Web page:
State and federal biologists and engineers, in partnership with the Winnemem Wintu Tribe, have begun testing an experimental system in Shasta Reservoir. It could help collect young salmon from the McCloud River in future years and return them to their historic habitat.
The Juvenile Salmonid Collection System is a pilot project 6 years in the making. It is part of a long-term effort to help fish better survive California’s hotter, drier future and more extreme droughts. The collection system will float in the McCloud River arm of the reservoir and guide cold water toward a collection point. This cold water flows down from the Shasta-Trinity National Forest. The initial testing is running from September to mid-November. It will not involve salmon but will use temperature and hydraulic measurements to assess the operation and performance of the collection system.
If successful, the system will be tested in future years with salmon to determine its efficacy and if it can be a critical part of winter-run salmon reintroduction. Biologists expect that juvenile salmon will follow the colder water to that collection point. They can be retrieved there and transported downstream around the dam to continue their migration to the ocean.
System to Collect Juvenile Salmon
Recovery plans call for returning endangered Chinook salmon to their original spawning grounds in the cold McCloud River above Shasta Reservoir. The fish may better survive drought and climate change in that cooler habitat. Juvenile salmon hatched in the river need to be collected as they migrate downstream before or just after they enter the reservoir. The reservoir is home to warmer waters and predators.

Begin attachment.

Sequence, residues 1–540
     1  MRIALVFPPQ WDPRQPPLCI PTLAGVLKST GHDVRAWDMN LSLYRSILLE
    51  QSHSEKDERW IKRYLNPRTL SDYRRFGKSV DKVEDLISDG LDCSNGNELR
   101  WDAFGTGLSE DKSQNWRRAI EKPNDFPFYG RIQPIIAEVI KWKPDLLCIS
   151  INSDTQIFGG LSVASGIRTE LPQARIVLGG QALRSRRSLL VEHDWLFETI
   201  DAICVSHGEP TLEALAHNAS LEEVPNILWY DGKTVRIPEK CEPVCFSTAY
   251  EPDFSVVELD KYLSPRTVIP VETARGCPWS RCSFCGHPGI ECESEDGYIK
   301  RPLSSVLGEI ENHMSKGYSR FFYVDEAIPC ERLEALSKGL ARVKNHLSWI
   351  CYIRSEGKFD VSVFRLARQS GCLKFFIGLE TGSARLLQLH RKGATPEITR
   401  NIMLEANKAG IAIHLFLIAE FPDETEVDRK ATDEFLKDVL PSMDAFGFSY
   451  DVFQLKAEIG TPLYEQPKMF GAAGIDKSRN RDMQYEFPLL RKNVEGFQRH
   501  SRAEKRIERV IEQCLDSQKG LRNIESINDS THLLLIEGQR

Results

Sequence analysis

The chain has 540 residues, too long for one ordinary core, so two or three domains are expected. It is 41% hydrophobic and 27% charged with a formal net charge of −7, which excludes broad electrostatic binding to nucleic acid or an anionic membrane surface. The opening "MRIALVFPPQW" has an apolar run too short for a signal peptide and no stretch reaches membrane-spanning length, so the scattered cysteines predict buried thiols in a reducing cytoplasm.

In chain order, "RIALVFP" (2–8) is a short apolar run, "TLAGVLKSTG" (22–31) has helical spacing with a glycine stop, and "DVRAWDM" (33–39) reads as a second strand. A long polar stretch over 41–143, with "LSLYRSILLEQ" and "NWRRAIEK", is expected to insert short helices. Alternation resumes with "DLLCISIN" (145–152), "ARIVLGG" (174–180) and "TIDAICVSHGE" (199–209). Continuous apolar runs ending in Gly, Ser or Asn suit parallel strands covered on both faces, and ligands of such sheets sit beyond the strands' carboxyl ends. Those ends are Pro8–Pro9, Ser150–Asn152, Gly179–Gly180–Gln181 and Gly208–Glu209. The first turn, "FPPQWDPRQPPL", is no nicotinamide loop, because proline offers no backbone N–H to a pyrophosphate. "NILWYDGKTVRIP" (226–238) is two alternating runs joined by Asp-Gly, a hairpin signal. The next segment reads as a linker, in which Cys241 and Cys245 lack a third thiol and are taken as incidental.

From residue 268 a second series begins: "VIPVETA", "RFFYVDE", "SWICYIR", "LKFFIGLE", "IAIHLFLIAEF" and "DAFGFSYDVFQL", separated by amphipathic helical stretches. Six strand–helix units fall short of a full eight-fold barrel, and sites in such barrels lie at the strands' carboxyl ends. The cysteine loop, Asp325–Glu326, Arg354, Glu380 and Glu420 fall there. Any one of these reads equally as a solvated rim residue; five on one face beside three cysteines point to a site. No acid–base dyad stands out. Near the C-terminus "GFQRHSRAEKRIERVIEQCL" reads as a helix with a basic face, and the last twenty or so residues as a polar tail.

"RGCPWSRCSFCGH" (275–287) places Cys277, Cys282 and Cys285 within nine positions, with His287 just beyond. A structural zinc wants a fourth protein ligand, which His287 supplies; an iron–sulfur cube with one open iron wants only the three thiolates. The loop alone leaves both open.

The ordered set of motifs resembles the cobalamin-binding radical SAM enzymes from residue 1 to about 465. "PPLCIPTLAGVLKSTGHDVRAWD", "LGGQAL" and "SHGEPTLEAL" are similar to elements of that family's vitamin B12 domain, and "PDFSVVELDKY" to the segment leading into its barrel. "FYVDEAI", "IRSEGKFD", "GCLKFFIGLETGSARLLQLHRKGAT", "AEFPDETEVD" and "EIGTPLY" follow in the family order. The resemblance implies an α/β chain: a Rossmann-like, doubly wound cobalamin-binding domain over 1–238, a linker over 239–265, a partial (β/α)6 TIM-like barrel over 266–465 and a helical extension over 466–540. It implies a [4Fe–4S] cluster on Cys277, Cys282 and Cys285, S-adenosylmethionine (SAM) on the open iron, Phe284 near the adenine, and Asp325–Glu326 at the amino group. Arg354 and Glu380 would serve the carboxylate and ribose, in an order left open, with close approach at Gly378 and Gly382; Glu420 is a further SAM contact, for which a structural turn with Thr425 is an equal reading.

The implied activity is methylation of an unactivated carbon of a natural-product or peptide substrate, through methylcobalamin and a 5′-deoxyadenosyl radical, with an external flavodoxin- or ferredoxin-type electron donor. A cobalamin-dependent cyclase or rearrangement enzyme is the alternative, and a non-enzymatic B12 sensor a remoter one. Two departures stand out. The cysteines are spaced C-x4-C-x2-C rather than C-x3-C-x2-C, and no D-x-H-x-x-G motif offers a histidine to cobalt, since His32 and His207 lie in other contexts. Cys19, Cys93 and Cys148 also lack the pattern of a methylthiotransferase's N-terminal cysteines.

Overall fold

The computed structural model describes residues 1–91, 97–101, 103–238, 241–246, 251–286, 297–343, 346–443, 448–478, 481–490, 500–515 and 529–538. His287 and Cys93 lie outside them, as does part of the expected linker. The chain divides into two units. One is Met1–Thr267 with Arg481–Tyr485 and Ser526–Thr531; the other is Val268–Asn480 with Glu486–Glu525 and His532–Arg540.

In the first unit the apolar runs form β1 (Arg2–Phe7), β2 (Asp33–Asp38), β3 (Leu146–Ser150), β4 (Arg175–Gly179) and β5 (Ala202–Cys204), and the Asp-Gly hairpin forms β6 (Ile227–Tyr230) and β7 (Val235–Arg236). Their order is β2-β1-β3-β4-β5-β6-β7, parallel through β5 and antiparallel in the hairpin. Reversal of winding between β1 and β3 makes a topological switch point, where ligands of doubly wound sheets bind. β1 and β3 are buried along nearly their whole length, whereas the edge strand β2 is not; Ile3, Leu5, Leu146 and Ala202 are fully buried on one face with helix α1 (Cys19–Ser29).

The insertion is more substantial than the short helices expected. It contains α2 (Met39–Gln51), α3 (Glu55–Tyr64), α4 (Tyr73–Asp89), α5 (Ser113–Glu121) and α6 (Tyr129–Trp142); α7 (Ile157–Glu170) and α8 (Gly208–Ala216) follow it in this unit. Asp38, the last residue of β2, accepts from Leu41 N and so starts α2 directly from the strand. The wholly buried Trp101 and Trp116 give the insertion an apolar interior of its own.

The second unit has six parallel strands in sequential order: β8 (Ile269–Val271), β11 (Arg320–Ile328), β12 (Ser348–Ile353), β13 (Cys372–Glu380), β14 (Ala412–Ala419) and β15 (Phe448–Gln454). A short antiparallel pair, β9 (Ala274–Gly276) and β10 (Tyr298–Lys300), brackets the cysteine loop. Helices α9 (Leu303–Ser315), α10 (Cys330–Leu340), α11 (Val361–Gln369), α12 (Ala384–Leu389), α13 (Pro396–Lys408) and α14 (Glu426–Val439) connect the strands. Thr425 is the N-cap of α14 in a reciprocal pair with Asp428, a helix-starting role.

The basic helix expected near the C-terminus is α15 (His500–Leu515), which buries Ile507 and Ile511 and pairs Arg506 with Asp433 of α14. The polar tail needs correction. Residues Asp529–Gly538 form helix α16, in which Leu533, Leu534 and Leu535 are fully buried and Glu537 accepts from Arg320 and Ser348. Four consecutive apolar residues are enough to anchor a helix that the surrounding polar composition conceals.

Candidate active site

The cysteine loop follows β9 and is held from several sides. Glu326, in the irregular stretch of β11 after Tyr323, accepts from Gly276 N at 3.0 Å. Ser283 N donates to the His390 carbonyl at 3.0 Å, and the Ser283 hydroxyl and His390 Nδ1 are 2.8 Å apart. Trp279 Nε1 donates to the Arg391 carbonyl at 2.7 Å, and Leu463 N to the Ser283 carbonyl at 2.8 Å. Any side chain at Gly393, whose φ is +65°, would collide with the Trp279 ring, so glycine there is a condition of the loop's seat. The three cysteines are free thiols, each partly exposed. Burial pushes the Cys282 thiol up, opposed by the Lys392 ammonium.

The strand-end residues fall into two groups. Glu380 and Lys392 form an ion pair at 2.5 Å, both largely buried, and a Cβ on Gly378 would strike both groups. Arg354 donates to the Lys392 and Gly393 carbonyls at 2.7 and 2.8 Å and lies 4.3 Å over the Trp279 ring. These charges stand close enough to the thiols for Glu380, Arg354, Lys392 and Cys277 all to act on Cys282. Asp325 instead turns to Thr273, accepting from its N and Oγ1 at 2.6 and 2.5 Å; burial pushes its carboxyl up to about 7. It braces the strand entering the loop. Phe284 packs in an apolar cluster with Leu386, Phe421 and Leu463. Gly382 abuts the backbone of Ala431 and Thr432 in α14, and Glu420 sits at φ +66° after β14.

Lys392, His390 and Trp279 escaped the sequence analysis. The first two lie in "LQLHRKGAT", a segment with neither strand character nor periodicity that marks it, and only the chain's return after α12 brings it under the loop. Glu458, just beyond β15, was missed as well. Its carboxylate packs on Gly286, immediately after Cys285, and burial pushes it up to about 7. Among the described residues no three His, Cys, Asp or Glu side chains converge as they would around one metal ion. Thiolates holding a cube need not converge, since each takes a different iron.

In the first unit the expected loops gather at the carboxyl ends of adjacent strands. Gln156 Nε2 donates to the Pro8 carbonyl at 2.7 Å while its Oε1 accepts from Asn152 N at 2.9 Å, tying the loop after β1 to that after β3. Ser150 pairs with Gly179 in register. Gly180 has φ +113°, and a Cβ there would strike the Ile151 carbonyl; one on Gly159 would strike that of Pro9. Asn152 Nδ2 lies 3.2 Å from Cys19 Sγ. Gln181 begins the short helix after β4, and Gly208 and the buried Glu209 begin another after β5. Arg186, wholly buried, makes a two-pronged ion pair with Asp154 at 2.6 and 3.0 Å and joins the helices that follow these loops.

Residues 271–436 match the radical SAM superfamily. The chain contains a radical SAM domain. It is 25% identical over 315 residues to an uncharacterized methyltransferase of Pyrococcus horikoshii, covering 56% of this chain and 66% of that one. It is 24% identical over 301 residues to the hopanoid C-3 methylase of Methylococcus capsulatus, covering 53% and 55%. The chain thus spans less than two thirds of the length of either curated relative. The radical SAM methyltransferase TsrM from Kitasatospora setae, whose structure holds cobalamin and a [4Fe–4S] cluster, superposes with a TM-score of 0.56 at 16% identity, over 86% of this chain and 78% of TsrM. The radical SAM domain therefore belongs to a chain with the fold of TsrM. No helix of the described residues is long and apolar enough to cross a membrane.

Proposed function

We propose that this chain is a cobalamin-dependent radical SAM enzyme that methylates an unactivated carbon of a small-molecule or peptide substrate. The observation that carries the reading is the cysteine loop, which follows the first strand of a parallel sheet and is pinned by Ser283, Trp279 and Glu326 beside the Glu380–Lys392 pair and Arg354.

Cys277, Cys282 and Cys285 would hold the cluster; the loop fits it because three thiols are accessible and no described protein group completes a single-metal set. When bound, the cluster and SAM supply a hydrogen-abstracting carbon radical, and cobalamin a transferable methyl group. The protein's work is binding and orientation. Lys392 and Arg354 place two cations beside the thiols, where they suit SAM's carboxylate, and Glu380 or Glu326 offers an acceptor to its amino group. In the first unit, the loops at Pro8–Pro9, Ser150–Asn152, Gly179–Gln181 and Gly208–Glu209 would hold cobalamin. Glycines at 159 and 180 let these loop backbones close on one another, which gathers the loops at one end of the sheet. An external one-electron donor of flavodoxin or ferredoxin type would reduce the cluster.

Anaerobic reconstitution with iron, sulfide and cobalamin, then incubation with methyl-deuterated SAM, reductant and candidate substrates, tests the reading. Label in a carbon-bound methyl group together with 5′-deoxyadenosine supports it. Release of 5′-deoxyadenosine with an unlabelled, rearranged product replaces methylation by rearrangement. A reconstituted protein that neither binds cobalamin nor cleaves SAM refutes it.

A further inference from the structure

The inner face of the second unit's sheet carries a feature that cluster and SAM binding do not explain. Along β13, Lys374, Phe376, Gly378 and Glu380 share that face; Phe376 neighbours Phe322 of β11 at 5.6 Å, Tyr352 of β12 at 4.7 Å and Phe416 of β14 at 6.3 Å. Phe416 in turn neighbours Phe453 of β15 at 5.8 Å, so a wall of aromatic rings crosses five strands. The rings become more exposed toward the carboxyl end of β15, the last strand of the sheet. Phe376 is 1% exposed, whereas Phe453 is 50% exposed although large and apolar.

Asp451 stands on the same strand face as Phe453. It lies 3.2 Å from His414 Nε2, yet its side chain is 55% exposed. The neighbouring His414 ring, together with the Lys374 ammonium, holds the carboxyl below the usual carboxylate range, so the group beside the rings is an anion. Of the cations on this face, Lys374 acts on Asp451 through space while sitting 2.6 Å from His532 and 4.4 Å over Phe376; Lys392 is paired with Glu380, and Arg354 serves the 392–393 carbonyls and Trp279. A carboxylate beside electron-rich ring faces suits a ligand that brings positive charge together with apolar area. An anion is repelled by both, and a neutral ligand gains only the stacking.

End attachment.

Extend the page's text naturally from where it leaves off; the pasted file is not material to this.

"This is an innovative and important project that comes at a critical time for endangered winter-run Chinook salmon," said Scott Rumsey, Acting Regional Administrator for NOAA Fisheries West Coast Region. "While we will need a few years to move this ahead, we have no time to waste in preparing this native California species for the rising challenges of climate change."
Reintroduction efforts strive to reestablish endangered winter-run salmon in colder, high-elevation rivers where they once spawned before reservoirs blocked their migration. This would improve their resilience to a changing climate and could allow for more flexibility in managing water in the Sacramento River.
An important component of the project has been the commitment of state, federal, and regional authorities to Tribal engagement. Strategic efforts and planning have been enhanced with the support and commitment to developing a partnership with the Winnemem Wintu Tribe. The participation of the Tribe brings unique perspectives and incorporates Tribal knowledge to the project.
Important Step for Imperiled Species
This is the first step in creating the infrastructure necessary to connect winter-run Chinook salmon in the Sacramento River with cold-water spawning and rearing habitat in the McCloud River.
The testing of the collection system is a separate effort from the transfer of about 40,000 winter-run eggs from the Livingston Stone National Fish Hatchery to the McCloud River. They incubated in the hatchery throughout the summer. That effort, supported by project partners, was an urgent response to the severe drought and will improve the salmon’s odds of survival this year.
The testing of the system will require intermittent restricted access for boats in the upper McCloud arm of the reservoir, as the system spans the entire channel. California Department of Water Resources and contractor staff will be on site.
Partners on the project include:
- Shasta-Trinity National Forest
- California Department of Fish and Wildlife
- California Department of Water Resources
- U.S. Fish and Wildlife Service
- Winnemem Wintu Tribe